India Restarts Factories, Farming in Rural Areas Even as Coronavirus Cases Rise

By Reuters 21 April 2020

NEW DELHI—Some shops and businesses opened in rural India on Monday as part of a staggered exit from a weeks-long lockdown that has left millions out of work and short of food, while coronavirus infections rose by more than 1,500 over the previous day.

India’s 1.3 billion population has been under one of the world’s toughest lockdowns with people forbidden from stepping out of their homes except for food and medicines until May 3.

But Prime Minister Narendra Modi’s government said some activities, including factories and farming, would be allowed from Monday in the hinterland, which has not been hit as hard by COVID-19.

Small businesses reopened in rural parts of the most populous state, Uttar Pradesh, after the lockdown in late March but police were deployed to ensure people maintained social distancing.

Ramkumar Sharma, a carpenter on the outskirts of Lucknow, the state capital, said he had opened up for business again and that he would take precautions going forward.

“This is a great relief to be able to work,” he said.

A small group of construction workers showed up at a labor center nearby hoping to get hired for day jobs, only to be dispersed by police.

Hundreds of thousands of migrant workers fled the big cities for their homes in the villages, unable to pay for food and rent, after Modi announced a 21-day lockdown last month, which he later extended by another 19 days.

Even before the pandemic, India’s US$2.9-trillion (4,120-trillion-kyat) economy was growing at its weakest pace in over a decade, but now it is expected to slow to even zero growth in the fiscal year that began on April 1, private economists say, putting further pressure on jobs.

“The focus is on select industries and farming, and the rural employment guarantee program,” said Punya Salila Srivastava, a joint secretary at the Home Ministry, which is managing the restart of the economy.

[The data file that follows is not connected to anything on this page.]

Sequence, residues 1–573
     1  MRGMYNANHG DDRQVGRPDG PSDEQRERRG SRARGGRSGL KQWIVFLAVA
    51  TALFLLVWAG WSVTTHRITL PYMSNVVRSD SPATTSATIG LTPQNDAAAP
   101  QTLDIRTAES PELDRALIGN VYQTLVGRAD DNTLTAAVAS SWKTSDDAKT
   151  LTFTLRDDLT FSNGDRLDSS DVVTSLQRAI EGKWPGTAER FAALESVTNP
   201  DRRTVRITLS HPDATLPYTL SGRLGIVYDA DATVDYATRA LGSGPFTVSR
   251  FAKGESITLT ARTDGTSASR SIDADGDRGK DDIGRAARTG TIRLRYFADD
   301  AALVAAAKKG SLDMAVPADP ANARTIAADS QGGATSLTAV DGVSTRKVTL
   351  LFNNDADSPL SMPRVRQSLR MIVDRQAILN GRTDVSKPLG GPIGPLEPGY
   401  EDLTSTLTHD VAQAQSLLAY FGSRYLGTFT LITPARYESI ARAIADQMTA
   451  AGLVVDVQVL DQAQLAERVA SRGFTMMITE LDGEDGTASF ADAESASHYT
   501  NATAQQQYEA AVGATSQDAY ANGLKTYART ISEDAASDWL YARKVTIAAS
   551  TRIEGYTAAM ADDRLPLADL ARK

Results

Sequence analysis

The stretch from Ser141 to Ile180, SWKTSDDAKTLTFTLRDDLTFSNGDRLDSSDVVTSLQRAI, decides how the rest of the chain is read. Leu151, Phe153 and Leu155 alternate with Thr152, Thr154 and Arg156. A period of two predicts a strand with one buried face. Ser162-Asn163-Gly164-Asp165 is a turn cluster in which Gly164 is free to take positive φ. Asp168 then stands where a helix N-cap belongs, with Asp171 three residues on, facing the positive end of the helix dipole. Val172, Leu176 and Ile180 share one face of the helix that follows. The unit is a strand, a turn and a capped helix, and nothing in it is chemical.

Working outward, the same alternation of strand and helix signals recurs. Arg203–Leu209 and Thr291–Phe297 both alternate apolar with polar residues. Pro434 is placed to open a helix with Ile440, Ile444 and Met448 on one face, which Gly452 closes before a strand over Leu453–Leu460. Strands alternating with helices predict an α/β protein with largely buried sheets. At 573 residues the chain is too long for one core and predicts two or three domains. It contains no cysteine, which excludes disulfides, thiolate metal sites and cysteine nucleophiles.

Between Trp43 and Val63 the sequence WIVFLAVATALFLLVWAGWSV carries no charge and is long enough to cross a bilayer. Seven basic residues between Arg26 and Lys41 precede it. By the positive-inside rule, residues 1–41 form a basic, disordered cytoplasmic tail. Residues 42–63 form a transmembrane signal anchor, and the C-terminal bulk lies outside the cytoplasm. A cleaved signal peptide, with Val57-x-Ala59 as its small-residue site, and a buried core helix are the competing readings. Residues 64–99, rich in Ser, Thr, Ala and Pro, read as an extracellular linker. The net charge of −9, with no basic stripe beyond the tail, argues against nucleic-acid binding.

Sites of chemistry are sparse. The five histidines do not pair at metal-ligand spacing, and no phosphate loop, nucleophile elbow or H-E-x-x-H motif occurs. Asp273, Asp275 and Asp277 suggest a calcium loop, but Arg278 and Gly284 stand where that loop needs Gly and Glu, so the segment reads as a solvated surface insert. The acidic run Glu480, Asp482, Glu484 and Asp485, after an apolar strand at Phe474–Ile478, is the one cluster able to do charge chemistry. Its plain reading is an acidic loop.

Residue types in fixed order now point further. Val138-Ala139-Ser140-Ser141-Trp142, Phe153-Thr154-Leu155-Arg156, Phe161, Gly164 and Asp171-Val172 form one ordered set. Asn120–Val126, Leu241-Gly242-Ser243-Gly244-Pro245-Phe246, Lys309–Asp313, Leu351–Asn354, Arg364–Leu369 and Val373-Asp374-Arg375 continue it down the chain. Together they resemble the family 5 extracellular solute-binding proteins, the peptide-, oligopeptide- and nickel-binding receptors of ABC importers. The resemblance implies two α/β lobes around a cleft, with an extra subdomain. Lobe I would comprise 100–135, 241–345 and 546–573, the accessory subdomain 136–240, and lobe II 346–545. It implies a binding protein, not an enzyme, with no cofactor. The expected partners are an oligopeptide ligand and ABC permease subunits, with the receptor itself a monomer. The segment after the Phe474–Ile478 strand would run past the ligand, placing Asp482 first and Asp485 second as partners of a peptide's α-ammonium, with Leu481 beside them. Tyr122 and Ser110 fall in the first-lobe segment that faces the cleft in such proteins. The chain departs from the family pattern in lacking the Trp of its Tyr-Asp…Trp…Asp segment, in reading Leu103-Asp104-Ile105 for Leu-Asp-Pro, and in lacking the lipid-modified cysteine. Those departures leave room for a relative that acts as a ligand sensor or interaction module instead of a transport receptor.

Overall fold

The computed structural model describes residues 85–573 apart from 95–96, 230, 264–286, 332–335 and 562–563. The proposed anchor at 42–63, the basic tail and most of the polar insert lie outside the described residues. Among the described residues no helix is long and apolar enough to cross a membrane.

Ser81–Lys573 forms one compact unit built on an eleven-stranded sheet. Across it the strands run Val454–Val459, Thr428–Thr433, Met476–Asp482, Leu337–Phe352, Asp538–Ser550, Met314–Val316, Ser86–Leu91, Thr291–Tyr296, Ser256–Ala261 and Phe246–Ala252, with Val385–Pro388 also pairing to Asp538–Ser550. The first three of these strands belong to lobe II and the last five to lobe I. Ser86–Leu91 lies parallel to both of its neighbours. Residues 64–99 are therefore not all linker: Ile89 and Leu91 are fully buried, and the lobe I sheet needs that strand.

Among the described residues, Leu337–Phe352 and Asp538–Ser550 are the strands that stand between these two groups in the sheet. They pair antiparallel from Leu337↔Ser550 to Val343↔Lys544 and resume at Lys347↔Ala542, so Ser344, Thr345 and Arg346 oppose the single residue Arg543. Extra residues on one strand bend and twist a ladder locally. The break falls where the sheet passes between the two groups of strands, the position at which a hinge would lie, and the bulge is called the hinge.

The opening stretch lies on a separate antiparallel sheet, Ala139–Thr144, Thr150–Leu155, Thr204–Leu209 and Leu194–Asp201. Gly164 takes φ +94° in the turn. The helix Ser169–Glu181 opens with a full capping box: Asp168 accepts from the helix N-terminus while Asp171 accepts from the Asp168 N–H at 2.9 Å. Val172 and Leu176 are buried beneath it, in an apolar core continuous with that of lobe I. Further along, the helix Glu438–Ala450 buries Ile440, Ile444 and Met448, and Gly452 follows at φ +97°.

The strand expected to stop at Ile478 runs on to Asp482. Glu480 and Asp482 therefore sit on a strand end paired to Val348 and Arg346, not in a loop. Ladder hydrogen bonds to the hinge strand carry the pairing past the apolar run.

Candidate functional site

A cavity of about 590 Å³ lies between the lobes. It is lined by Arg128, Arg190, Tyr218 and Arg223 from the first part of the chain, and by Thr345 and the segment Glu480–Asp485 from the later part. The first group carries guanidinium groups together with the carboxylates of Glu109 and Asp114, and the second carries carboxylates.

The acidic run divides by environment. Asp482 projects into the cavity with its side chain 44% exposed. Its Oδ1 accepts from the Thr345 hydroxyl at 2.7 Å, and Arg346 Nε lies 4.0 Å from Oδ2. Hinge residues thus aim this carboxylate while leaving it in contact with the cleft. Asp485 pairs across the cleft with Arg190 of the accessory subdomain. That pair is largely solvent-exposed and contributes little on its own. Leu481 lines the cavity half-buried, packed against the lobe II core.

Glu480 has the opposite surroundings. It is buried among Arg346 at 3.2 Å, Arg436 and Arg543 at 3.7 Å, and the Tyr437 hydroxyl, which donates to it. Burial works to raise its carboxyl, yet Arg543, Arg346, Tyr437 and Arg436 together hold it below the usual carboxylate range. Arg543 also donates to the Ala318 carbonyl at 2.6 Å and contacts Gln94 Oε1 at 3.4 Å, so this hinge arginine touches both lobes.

India had 17,264 cases of coronavirus infections as of Monday and more than 60 percent of these were from five of India’s 28 states. Such an uneven spread allows health officials to focus their efforts on the top affected areas, or red zones, such as New Delhi and Mumbai, while allowing other states to re-start activities, another official said.

Around 4,000 factories resumed operations in western Gujarat, one of the country’s most industrialized regions, the chief minister’s office said.

These included small, medium and big firms in sectors such as chemicals, engineering, textiles, plastics, packaging and automobiles, said Ashwani Kumar, secretary to Gujarat Chief Minister Vijay Rupani.

Modi’s critics have said he should have better planned the lockdown to lessen the impact on the economy and that India had no choice but to ramp up its testing for the coronavirus.

“The one-size-fits-all lockdown has brought untold misery and suffering to millions of farmers, migrant laborers, daily wagers and business owners,” Rahul Gandhi, leader of the main opposition Congress, said in a tweet last week.

“It needs a ‘smart’ upgrade, using mass testing to isolate virus hotspots and allowing businesses in other areas to gradually reopen,” he said.

On Sunday, India tested 27,824 samples, the highest so far, but still some way off the target of 40,000 a day, which officials want to eventually raise to 100,000.

Here are official government figures on the spread of the coronavirus in South Asia:

* India has reported 17,264 cases, including 543 deaths

* Pakistan has reported 7,638 cases, including 143 deaths

* Afghanistan has reported 933 cases, including 30 deaths

* Sri Lanka has reported 248 cases, including seven deaths

* Bangladesh has reported 2,144 cases, including 84 deaths

* Maldives has reported 34 cases and no deaths

* Nepal has reported 30 cases and no deaths

* Bhutan has reported five cases and no deaths

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